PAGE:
Farewell dear children, darling wife, I bid you adieu! Duty calls, and I must travel into that dark land to the east. I will cherish your memory, and perhaps—some day—I shall return.
This was a weird business, these calamities and scarcities and mass-migrations, packing water and provisions, leaving the women and children behind, journeying to a quasi-wild frontier that had sprung up in the middle of our industrialized twenty-first century nation. Had I remembered to pack the squirrel jerky and Bowie knife?
With the gear stashed in the trunk, a full thermos of coffee, and a stack of tacos at my side, I sped down I-71 in the little white car (my aunt Annou’s car actually, the end result of a complicated series of post-storm caravans and vehicle swaps). It felt exquisite to just be moving, doing something after weeks of restless exile spent watching the horrid spectacle unfold on TV. To see my city, no matter its state, to set foot in my house, no matter how wretched—I was near-ecstatic.
An hour later I was near-motionless, sitting in a vicious thicket of cars, occasionally—glacially—creeping forward only to stop again. I was in the midst of a mass of de-vacuating Houstonians who had fled Rita in unprecedented numbers, fearing their city would go the way of New Orleans. Now, it seemed, all four million were returning at once.
The teenagers behind me maintained their spirits by hopping out, in turn, and jogging alongside their car as it crept down the road. Two hours later they were still behind me, slouched now deep in their seats with expressions of hopeless misery. I considered going back but couldn’t turn around and eventually resigned myself to my fate.
Then suddenly the traffic broke free, and we were flying again: past Katy, past Houston with its countless exits and bewildering tangle of highways, and on through the little towns to the east. (I traversed Houston many times those months and breathed a sigh of relief each time I made it to the other side.)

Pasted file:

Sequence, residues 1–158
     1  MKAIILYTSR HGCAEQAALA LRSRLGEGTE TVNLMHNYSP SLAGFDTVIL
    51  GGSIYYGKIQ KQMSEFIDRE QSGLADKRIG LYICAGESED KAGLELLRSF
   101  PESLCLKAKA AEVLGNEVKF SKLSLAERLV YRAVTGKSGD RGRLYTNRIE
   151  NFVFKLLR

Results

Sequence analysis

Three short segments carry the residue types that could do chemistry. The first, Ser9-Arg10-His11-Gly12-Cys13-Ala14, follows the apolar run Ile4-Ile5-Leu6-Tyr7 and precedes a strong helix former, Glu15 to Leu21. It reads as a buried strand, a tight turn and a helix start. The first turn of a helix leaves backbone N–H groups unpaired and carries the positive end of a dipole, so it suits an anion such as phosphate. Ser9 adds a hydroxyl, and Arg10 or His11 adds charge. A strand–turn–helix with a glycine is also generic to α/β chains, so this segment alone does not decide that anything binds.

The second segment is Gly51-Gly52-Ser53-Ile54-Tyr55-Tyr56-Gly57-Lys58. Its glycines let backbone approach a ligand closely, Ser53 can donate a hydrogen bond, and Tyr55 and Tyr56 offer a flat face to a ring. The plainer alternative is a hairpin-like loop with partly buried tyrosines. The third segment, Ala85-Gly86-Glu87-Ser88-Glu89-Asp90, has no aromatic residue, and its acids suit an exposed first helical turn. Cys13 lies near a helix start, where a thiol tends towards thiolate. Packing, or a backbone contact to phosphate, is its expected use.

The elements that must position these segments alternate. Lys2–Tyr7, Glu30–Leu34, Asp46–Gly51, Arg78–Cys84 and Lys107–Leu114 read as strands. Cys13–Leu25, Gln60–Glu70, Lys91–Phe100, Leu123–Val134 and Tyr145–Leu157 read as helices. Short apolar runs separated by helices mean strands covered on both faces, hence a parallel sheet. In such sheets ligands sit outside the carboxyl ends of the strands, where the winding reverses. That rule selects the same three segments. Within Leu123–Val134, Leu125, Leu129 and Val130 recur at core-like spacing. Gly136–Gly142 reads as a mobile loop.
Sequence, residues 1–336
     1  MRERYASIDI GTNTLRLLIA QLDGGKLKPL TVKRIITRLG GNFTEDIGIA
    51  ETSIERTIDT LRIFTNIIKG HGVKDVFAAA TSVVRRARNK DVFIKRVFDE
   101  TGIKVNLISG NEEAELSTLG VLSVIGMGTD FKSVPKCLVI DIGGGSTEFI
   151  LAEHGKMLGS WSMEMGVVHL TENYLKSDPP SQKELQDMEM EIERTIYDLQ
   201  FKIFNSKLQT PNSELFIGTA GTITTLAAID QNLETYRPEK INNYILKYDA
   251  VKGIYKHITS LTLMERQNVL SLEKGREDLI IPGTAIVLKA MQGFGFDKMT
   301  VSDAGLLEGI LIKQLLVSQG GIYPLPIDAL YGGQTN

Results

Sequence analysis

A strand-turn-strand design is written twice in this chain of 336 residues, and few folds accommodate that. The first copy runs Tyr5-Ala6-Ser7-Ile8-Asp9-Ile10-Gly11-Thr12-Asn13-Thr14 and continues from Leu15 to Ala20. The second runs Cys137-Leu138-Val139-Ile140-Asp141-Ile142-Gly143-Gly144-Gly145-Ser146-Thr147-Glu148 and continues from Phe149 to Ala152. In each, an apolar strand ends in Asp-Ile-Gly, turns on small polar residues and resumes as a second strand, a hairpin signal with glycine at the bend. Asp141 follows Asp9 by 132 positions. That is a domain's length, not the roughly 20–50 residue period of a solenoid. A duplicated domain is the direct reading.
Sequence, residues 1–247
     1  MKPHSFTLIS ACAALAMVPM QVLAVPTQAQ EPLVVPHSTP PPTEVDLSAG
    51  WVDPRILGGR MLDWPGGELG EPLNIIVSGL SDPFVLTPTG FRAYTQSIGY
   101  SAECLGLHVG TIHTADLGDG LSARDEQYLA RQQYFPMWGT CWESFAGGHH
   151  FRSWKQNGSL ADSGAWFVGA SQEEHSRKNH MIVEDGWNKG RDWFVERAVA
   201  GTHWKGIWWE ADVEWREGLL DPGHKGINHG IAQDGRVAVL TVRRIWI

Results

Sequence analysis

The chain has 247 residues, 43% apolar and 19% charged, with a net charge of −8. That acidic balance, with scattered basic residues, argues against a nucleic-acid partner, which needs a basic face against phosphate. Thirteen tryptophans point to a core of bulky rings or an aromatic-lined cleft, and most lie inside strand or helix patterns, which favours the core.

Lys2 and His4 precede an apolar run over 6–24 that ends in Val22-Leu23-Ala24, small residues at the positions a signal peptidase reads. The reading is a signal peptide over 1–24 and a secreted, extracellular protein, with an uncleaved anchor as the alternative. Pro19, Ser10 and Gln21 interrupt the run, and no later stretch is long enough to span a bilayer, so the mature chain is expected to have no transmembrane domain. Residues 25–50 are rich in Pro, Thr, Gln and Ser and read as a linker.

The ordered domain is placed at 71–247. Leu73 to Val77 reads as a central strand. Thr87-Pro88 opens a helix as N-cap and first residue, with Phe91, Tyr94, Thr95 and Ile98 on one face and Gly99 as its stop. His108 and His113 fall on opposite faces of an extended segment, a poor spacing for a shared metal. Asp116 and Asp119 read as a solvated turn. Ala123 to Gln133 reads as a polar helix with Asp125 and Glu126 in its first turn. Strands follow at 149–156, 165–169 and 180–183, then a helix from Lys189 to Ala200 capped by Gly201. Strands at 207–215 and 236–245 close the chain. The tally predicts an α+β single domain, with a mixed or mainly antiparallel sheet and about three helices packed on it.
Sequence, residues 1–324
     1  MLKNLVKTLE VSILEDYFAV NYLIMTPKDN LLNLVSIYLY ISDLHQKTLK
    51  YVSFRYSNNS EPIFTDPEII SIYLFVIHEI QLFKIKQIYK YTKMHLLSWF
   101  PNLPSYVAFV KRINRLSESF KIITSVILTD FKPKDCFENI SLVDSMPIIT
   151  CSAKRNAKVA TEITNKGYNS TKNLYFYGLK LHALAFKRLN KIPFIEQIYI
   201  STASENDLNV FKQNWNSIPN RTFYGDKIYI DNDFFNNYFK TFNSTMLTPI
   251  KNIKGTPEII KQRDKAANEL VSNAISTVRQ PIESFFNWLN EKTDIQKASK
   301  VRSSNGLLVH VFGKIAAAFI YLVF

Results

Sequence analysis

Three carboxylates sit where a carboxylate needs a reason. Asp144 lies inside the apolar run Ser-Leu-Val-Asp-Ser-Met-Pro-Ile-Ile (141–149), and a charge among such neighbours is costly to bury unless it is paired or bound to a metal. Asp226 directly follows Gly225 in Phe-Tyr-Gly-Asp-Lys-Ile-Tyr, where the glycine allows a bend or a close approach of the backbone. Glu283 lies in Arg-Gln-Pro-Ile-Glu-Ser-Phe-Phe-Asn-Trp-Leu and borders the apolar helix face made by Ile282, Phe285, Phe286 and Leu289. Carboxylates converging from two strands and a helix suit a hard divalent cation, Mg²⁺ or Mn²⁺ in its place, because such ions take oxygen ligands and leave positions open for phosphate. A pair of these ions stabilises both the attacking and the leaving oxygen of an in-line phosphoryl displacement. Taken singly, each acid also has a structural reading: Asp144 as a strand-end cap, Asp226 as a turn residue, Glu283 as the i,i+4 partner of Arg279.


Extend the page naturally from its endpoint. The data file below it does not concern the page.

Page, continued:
The sun was setting as I drove over the bridge into Louisiana. Now I was in the center of Rita’s path, and her mark was everywhere: snapped trees, missing roofs, flattened signs. Government truck convoys roared past in the left lane.
As I drove into Lake Charles, night had fallen. Black silhouettes of billboards and gas stations slipped past. Only the flashing lights of emergency vehicles punctuated the darkness.
We were diverted from the main highway. I dimly made out the battered forms of buildings. Someone on the radio talked about “the resilience of the Cajun people”. We moved slowly as deputies waved us through with glowing batons.
Then we were back on the highway again, east of town. The flashing lights slipped away behind me. I drove on through the now unbroken darkness towards Lafayette.
Baton Rouge shone brightly, full of life. (It had doubled in size immediately after Katrina, swollen with tens of thousands of homeless New Orleanians.) Late in the evening I stopped for gas (hooray!) and food. A game had just let out and the McDonald’s was full of LSU purple and gold. And for the first time on my journey, I heard the unmistakable New Orleans accent. I was getting close.
I heard the accent again in the car as I picked up the first fuzzy signals of hometown radio.* It was a talk show—WWL. Listeners called in lamenting their exiles, lamenting the absence of po-boys, berating FEMA, berating the governor, and—in what struck me as a jarring contrast—talking about the highlights of that night’s football game.
The announcer reminded listeners, “Remember, folks, Jefferson Parish has lifted its curfew for people going to the game, but you must have your ticket stub to get back in the parish. If you don’t have your stub, they ain’t gonna letchya ’cross the parish line.”
I switched stations but got the same talk show. I switched again and got it again. I flipped around the dial. Was my radio broken or was every station broadcasting the exact same signal? For a few disoriented moments I thought maybe I’d slipped into one of those old science fiction movies where the aliens take over the airwaves to announce their imminent world domination—but instead of world domination they were just chit-chatting about inept governmental bureaucracies and turnover stats.
A more sober survey of the dial confirmed that the individual radio stations really had abandoned their respective hip-hop, gospel, oldies, and whatnot formats and consolidated into a single disaster-centric Mono-Radio.
Shortly after midnight I crossed the Mississippi line and passed through the (barely worthy of the term) village of Nicholson. I crossed the train tracks and wove through the strange new utility worker shanty town that had sprung up—dozens of trailers lit bright as day with towering arc-lights—down a gravel road, and pulled up in front of the quiet little house that was to be my temporary base of operations for subsequent sorties into the city.
John came out onto the porch and helped me with my stuff. And in the early hours of the morning in a small house in the dark night of Mississippi we drank trunk-warm bourbon from champagne glasses (the only remotely viable glassware we could find) and talked about all that had passed.
* Though our “hometown” radio was, as it turned out, housed in Baton Rouge for many months.